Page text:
Just after midnight that same day, we got on the train to Kochin and were told, flatly, by the conductor that the train was full. No upgrade possible today. The reality of the situation hit us like a slap in the face and we sobered up to the fact that we had 14 hours on this packed train without a space to even sit (let alone sleep). We squeezed past hundreds of sleeping bodies, hoping to find a small open space, the situation getting more real with every step. Every available space was occupied (even the floors) but we eventually found a space, next to the urinals. We squeezed in and tried to get some rest looking at each other with a look that said ‘Ok, this sucks but let’s just get through it’ and I realized again that India is not for everyone. I could think of a few people who would simply have refused to get on this train. The 3 of us were made of tougher stuff and we would not be broken by another sleepless night next to a stinking, leaking toilet. In a few hours we would be hysterically laughing at this, right?

The next morning at dawn we were very rudely awakened by another conductor telling us that our ‘seating’ tickets didn’t allow us to be in this here ‘good’ coach and we had to switch to the correct one at the next station. I’d rather not say what waited for us in the next coach but thanks to Mieke’s friendly-but-firm way with people (a characteristic that I hugely admire) we found a spot, sat down and took turns sleeping until we finally reached Kochin, 7 hours later. We took a photograph which, I think, shows our mood perfectly, can you tell?.

Due to our new plans, to head up North, our time was limited and we certainly had none to waste. The minute we got to Kochin we enquired about taking a back-water trip on a house boat (again, a must-do according to the guide books) and rented 3 motorcycles (a long and frustrating process and after the day we had on the train, the last thing we needed). The next morning we left on our motorcycles for Kanikumari, the most Southern tip of India. This was something that I know Mieke, particularly, wanted to do. In that spot, 3 oceans meet and the plan was to ride down, along the coast, stopping in Kanikumari and swimming in 3 oceans simultaneously. The idea of this race down South appealed to me greatly and I was stoked that we would be going on a little mini bike trip after all. Further frustrating delays and more tropical rain stopped us from fulfilling that adventure though. A brief spark of intense FOMO (fear of missing out) took hold of us as we realized that we would have to get real and accept that we would not be able to do everything we wanted. India was simply too big and our time too short. We didn’t make it to Kanikumari but had to turn around and head back to Kochin without a swim at the Southern tip of India. Disappointment is a huge part of a true adventure, this much I know.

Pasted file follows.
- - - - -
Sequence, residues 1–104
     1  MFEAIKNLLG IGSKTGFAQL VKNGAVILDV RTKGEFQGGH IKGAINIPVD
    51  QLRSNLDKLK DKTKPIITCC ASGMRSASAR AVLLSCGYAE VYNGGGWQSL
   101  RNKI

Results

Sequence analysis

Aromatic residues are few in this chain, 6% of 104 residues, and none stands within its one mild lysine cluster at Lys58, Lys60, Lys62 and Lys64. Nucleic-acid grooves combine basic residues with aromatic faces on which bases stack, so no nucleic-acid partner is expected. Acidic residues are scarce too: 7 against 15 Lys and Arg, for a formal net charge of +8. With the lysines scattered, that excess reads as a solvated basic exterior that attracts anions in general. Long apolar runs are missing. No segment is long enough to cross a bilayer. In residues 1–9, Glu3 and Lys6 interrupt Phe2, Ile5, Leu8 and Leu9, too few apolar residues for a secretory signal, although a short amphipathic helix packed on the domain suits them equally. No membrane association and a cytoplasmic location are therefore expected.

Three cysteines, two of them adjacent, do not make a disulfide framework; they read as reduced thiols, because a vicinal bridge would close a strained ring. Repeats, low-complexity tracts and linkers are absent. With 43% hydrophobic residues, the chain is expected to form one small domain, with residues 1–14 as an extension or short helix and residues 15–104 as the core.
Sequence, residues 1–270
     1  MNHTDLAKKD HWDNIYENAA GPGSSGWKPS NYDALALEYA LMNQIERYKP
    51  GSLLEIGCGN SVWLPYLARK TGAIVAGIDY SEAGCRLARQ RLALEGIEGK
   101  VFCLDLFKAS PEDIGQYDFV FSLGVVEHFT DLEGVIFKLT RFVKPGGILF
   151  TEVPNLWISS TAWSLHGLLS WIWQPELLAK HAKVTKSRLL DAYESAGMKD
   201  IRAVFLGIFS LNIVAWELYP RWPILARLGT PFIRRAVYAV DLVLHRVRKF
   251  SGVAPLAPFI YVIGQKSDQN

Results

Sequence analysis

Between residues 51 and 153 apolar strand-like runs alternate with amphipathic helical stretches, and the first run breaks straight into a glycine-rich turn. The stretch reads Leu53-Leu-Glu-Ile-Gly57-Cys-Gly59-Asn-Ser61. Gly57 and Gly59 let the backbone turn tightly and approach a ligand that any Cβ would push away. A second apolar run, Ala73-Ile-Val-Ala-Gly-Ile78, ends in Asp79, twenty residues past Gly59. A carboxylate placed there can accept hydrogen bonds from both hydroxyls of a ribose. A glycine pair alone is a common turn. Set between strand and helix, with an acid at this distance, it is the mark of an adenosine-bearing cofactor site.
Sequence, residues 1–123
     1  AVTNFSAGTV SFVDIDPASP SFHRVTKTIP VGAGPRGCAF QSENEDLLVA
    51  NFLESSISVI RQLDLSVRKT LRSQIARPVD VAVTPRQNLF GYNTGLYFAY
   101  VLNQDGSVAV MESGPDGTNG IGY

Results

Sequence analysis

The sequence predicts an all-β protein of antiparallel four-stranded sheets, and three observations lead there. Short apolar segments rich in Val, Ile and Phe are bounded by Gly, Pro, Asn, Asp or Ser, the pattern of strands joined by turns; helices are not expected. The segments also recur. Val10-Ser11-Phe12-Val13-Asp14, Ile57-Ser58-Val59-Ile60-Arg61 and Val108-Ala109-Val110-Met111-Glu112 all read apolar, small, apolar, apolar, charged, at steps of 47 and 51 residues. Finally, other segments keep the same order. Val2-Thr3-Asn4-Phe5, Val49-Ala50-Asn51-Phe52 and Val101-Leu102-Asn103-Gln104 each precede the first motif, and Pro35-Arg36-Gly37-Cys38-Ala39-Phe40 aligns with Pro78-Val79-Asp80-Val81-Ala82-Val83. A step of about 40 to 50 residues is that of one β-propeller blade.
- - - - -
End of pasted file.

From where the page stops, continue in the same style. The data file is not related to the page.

All in all I liked Kerela and I was happy to discover that South Indian food does not only consist of Dosas (a large, flat, pancake filled with spiced potato and served with a vegetable soup and coconut sauce). We had some amazing, colourful curries and coconut is used in everything. It was inspiring, delicious and a nice change. Kerela, just so you know, means ‘coconut’ or ‘the land of the coconut’. We were excited to be leaving the land of the coconuts and trade it for the chaotic and noisy India, the India of our dreams. Next stop, Delhi.

Monday, November 15, 2010

the arrival

After spending 15 hours on a Bollywood movie set (which would amount to no more than 15 seconds of B-grade Bollywood fame, if that) I spent a few days recovering from a severe case of diarrhoea and eventually decided to crack open the antibiotics my mother had insisted I take with. I’ll admit I was disappointed that I had not made it out of India without taking a course of antibiotics, in my mind it would have amounted to the same as climbing Mount Everest without oxygen. All the same, I was grateful for the medication because I was, by now, very sick. Three days was all I gave myself to recover because in three days my brother and my friend Mieke would be joining me in Mumbai and it was a visit that I was anticipating with great excitement. There simply was no space for illness now. At times during this trip when I was severely lonely or the road became too long and I felt like giving up, their visit served as encouragement or an incentive of sorts and I couldn’t believe the time had finally come.

Then the day of their arrival came and I went to meet them at ‘the Gateway of India’ just a 5 minute walk from my hotel in Mumbai. I had a hard time getting my mind to calm down. There was so much I wanted to tell them and share and ask but as irony would have it l fell into a strange and uneasy silence shortly after we greeted each other and were walking back to the hotel. Later, sitting across a table from them at a restaurant, I realized that I’ve been away for almost half a year and haven’t had a real conversation with either of them for all that time. Distance causes distance (that much I knew). But I told myself not to freak out and calm right down. We weren’t on opposites sides of the world anymore, we were together and we had 3 weeks in this crazy country to explore and see and taste and feel things, together. It would take a little time to ease back into each other’s company. In the meantime we had a 3 week adventure down to the South of India to plan.